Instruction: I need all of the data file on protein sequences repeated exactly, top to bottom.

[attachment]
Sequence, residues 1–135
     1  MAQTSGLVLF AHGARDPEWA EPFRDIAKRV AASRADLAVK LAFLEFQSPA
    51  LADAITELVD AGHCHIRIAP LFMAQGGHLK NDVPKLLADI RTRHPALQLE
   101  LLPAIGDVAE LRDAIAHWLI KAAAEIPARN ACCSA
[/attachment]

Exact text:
Sequence, residues 1–135
     1  MAQTSGLVLF AHGARDPEWA EPFRDIAKRV AASRADLAVK LAFLEFQSPA
    51  LADAITELVD AGHCHIRIAP LFMAQGGHLK NDVPKLLADI RTRHPALQLE
   101  LLPAIGDVAE LRDAIAHWLI KAAAEIPARN ACCSA